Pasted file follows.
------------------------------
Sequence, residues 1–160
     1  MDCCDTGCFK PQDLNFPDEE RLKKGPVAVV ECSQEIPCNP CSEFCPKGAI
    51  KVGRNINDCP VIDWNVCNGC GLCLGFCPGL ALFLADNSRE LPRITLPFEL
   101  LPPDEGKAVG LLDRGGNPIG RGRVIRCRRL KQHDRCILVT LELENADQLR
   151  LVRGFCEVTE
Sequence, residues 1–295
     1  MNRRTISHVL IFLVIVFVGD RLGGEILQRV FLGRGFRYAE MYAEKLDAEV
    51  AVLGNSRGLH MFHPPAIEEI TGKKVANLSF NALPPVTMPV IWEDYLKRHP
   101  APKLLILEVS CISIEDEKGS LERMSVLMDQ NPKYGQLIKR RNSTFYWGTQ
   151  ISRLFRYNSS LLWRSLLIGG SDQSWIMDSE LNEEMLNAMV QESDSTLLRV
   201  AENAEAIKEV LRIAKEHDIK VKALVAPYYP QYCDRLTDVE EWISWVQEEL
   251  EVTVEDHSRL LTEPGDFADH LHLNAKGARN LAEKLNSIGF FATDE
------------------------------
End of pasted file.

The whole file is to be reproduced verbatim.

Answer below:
Sequence, residues 1–160
     1  MDCCDTGCFK PQDLNFPDEE RLKKGPVAVV ECSQEIPCNP CSEFCPKGAI
    51  KVGRNINDCP VIDWNVCNGC GLCLGFCPGL ALFLADNSRE LPRITLPFEL
   101  LPPDEGKAVG LLDRGGNPIG RGRVIRCRRL KQHDRCILVT LELENADQLR
   151  LVRGFCEVTE
Sequence, residues 1–295
     1  MNRRTISHVL IFLVIVFVGD RLGGEILQRV FLGRGFRYAE MYAEKLDAEV
    51  AVLGNSRGLH MFHPPAIEEI TGKKVANLSF NALPPVTMPV IWEDYLKRHP
   101  APKLLILEVS CISIEDEKGS LERMSVLMDQ NPKYGQLIKR RNSTFYWGTQ
   151  ISRLFRYNSS LLWRSLLIGG SDQSWIMDSE LNEEMLNAMV QESDSTLLRV
   201  AENAEAIKEV LRIAKEHDIK VKALVAPYYP QYCDRLTDVE EWISWVQEEL
   251  EVTVEDHSRL LTEPGDFADH LHLNAKGARN LAEKLNSIGF FATDE